山口県宇部市から情報発信 Information from Ube City, Japan



Water and living body constituents



1. Basic molecules that make up the living body

 The basic molecules that make up the living body are amino acids, nucleic acids, sugars, etc., and these molecules have hydrophilic groups such as amino group-NH2, carboxyl group-COOH, and hydroxyl group-OH, and serve as proton acceptors/donors. It has the ability to ionize and hydrogen bond. These molecular groups combine with hydrophobic molecules to form larger biomolecules, and exert various functions by interacting with water.




図1 DNAの構造

2. Three-dimensional structure of water and bio-polymer

(1) Gene

 The long chain of DNA is made up of alternating sugars and phosphates. Since sugar and phosphoric acid are hydrophilic and base is hydrophobic, two chains are entangled in water so that the sugar and phosphoric acid face outward and the base faces inward, and the two bases are connected by a hydrogen bond. The sugar and phosphate exposed on the outside are hydrated to maintain a stable double helix structure. When dried, the double helix structure is lost.

Fig.1 Structure of DNA



図2 タンパク質の構造

(2) Protein

 Amino acids are hydrophilic and hydrophobic. In water, hydrophobic amino acids work by gathering together hydrophobic amino acids, and bend as if the hydrophobic groups are folded inside. Water is eliminated from inside the protein, and atoms are packed as densely as crystals. On the surface of a protein, many hydrophilic groups are aligned and hydrogen bonds with water molecules to maintain a three-dimensional structure, and various functional groups for performing biological functions are appropriately arranged.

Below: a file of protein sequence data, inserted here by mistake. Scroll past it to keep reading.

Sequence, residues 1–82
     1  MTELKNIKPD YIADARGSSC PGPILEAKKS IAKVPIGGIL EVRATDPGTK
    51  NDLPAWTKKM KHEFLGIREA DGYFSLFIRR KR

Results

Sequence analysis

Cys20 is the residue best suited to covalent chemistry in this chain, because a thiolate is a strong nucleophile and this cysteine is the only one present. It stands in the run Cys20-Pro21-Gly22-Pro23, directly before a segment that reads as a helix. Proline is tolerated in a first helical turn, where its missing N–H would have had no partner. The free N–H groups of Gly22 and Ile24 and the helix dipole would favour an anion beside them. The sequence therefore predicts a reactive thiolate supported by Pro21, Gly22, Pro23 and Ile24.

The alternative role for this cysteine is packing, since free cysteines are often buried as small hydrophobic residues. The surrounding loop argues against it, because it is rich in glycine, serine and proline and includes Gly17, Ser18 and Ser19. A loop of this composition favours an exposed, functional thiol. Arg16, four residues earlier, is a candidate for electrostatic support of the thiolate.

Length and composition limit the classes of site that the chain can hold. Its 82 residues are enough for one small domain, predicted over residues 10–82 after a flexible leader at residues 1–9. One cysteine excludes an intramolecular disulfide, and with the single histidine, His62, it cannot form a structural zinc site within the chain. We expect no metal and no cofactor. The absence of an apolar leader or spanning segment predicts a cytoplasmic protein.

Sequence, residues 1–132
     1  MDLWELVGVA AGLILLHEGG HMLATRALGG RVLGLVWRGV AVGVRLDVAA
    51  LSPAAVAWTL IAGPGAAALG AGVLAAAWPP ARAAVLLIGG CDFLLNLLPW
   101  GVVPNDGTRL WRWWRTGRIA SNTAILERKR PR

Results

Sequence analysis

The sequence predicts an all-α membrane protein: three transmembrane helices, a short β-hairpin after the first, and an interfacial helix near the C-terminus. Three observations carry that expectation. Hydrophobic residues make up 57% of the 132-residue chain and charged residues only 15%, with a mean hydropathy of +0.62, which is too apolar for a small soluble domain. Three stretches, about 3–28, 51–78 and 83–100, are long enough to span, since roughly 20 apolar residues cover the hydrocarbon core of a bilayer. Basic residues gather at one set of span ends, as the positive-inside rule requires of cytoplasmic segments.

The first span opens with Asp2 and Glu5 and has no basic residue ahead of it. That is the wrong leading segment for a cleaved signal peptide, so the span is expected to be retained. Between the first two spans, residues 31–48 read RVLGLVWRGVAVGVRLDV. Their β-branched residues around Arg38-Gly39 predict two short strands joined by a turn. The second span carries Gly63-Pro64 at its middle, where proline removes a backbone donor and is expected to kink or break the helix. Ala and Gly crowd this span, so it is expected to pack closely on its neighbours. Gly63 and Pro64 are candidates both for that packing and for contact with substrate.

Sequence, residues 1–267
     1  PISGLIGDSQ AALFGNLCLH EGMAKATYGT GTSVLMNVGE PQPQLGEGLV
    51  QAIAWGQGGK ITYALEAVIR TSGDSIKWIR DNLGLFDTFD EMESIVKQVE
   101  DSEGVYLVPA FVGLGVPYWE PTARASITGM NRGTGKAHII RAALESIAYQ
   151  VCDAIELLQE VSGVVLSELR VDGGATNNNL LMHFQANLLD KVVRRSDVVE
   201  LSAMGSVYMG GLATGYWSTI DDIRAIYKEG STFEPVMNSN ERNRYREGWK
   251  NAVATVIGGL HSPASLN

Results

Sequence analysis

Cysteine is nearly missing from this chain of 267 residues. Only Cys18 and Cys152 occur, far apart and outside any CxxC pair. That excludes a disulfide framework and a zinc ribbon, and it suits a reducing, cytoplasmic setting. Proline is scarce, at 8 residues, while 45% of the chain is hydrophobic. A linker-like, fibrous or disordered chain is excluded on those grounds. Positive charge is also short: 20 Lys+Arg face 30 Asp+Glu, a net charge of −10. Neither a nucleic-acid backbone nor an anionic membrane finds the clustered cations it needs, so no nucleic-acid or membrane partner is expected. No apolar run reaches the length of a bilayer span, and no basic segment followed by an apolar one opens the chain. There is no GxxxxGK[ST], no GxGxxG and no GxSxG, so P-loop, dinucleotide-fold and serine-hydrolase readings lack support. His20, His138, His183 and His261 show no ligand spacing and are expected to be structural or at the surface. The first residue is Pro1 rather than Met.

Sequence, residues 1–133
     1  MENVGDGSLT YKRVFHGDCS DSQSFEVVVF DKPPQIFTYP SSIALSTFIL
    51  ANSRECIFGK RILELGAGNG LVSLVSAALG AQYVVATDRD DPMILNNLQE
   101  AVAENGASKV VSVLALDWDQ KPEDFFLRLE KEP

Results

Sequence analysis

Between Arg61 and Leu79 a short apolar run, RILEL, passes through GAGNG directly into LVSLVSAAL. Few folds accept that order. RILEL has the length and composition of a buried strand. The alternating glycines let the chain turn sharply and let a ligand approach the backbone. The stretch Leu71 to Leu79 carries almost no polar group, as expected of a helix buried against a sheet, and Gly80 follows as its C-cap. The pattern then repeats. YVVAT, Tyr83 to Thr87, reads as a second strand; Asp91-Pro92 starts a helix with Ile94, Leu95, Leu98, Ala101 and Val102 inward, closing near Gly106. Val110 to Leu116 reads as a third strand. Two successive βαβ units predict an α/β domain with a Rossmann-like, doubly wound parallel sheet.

Fig.2 Structure of protein



図3 細胞膜の構造

3. Water and cell membrane

 The membrane covering the surface of cells is composed of two layers of phospholipids (phospholipid bilayer). Therefore, gases such as oxygen and carbon dioxide and fat-soluble substances can freely pass through the cell membrane, but water and electrolytes (ions such as Na+, K+, Ca2+) are almost impermeable. In this way, the cell membrane controls the uptake of electrolytes and nutrients (glucose, amino acids, etc.) and the release of metabolites that are essential for life support.
 Special proteins (Fig.2) are embedded in various forms in the phospholipid bilayer, and each has a unique function. Such proteins include enzymes that are involved in special chemical reactions, chemical mediators and hormones that are involved in the transmission of information, and receptors that transmit information into cells, water-soluble substances, especially water and electrolytes. Tiny pores (channels) are carriers that transport substances into and out of cells by binding to certain substances, and glycoproteins (sugars attached to saccharides on proteins with heads protruding outside the cell membrane) have various roles such as determining blood group and acting as a receptor that binds to bacteria, viruses and toxins in immune system cells.

Fig.3 Structure of cell membrane


Posted: July 03, 2017
Update: July 04, 2020 (English version added)
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